The government not only collects personally identifiable information directly, it also buys information from commercial entities. Commercial vendors draw much of this information from public records at courthouses and other government agencies. The companies, sometimes known as data brokers, provide a valuable service to the private and government sectors
alike by aggregating and categorizing this information. Commercial data services companies also compile personally identifiable information that is not publicly available. This non‐public, but commercially available data includes, for example, credit reporting information. Depending on context, it may also include a broad range of other data generated by individuals in the course of commercial transactions, online and off. Government agencies are heavily dependent on commercial data services. The GAO estimates that these contracts are valued at over $30 million at DHS alone. While data brokers provide important services to the government and the private sector, the collection and aggregation of personally identifiable information also raises privacy issues and concerns about the accuracy, reliability and security of this information. Security breaches at all of the major data brokers have prompted calls for examination of security standards for this evolving industry. However, the Privacy Act does not adequately cover government use of commercially‐compiled databases of personal information. The rules about the federal government’s use of commercial databases, and even use of information gleaned from commercial search engines, have been vague and sometimes non‐existent. The Privacy Act’s protections only apply to federally controlled systems of records,39 which means the government may be able to bypass the protections of the Privacy Act by accessing existing private sector databases and searches, rather than collecting the information itself. Subsection (m) of the Privacy Act covers government contractors. It was designed to ensure that an agency could not simply contract away its responsibilities for privacy protection under the Act. Subsection (m) simply states that, when an agency provides by contract for the operation on behalf of the agency of a system of records to accomplish an agency function, the agency shall cause the Privacy Act to be applied to such system. Similarly, all employees of such a contractor are bound by the Act to the same extent that federal employees would be. However, Subsection (m) does not adequately protect personal information in commercial databases that are merely being used by the government. Situations involving Subsection (m) generally can be analyzed under four categories: 1. Private Collection Under Government Contract—The Privacy Act as currently written clearly applies when the government contracts with 39 The term “system of records” is defined as “a group of any records under the control of any agency from which information is retrieved by the name of the individual or by some identifying number, symbol, or other identifying particular assigned to the individual.” 5 U.S.C. § 552a(a). 24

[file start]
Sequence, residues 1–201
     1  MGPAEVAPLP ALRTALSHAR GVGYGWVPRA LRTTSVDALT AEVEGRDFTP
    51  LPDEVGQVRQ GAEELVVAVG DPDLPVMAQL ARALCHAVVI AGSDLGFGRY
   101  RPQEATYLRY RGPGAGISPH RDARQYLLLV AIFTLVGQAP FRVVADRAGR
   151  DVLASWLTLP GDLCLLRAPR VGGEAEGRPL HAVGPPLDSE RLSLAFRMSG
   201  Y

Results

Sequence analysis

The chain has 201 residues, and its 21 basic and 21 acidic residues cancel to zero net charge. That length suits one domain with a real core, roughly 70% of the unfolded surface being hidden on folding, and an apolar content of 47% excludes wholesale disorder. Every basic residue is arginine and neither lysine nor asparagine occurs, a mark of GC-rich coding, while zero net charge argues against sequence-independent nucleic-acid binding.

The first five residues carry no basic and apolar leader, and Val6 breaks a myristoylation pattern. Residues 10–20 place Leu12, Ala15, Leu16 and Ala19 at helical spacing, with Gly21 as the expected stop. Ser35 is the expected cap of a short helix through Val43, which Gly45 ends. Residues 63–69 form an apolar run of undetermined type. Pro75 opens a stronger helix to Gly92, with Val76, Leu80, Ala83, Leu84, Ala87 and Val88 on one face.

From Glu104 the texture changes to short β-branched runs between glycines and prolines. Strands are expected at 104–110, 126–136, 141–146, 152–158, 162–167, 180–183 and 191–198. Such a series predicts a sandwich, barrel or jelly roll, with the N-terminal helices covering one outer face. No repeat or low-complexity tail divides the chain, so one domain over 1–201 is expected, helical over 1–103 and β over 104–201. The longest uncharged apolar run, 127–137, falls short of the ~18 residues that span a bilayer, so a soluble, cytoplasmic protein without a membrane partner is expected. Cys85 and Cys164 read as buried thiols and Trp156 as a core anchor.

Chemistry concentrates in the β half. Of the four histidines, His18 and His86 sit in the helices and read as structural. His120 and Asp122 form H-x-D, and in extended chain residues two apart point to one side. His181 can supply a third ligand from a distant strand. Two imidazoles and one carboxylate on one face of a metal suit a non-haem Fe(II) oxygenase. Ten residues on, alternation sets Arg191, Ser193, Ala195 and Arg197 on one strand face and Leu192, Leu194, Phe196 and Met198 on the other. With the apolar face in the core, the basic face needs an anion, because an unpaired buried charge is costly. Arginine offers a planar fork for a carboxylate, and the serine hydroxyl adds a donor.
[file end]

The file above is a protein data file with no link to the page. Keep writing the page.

a commercial entity to collect, maintain or analyze PII for use in performing a government function or program. The fact that the data is held by the commercial entity, and even the fact that no data ever enters government computers, makes no difference: all Privacy Act principles apply to the data in the private entity’s computers that was collected at the behest of the government. 2. Merging of Private Sector Data—The Privacy Act does not clearly apply when commercial data is brought into government databases. According to most readings of subsection (m) of the Act, a new System of Records Notice (SORN) should be issued whenever contractor databases containing private sector data are used to augment existing systems of records housed by the government or its contractors.40 3. Receipt of Commercial Data—The Privacy Act as written does not clearly apply when PII is transferred to the government or its contractors from the private sector. However, there seems to be a lack of clarity about this issue. Under the Act, as narrowly interpreted, no covered “system of records” exists unless the identifiable information is not just “searchable” by name or other identifier but is actually searched by such means on multiple occasions. For example, the DHS Inspector General examined cases where commercial data on millions of individuals was appended to passenger flight records from airlines and held by a government contractor or by the government itself. The IG said that the Privacy Act was not violated because “the airline passenger records were not maintained in such a way as to have required TSA to publish a Privacy Act system of records notice,” 41 presumably because data was not regularly searched on the basis of name. GAO disagreed and suggested that the Privacy Act may have been violated and the DHS Chief Privacy Officer ultimately agreed that the agency did, in fact, violate the Privacy Act.42 The fact that the question of coverage arose at all highlights the need to clarify the Act. 40 GAO, “Privacy: Government Use of Data from Information Resellers Could Include Better Protections,” GAO-08-543T March 11, 2008 http://www.gao.gov/products/GAO08-543T 41 “Review of the Transportation Security Administration's Role in the Use and Dissemination of Airline Passenger Data,” (Redacted), OIG-05-12, March 2005 http://www.dhs.gov/dhspublic/interweb/assetlibrary/OIGr-05-12_Mar05.pdf, at p. 45. 42 GAO, “Aviation Security: Transportation Security Administration Did Not Fully Disclose Uses of Personal Information during Secure Flight Program Testing in Initial Privacy Notices, but Has Recently Taken Steps to More Fully Inform the Public” Memo to Congressional Committees, July 22, 2005, http://www.gao.gov/new.items/d05864r.pdf, CDT Policy Post, “JetBlue Case,” Volume 9, Number 20, October 17, 2003, http://www.cdt.org/publications/pp_9.20.shtml. Privacy Office, Department of Homeland Security, “Secure Flight Report,” December, 25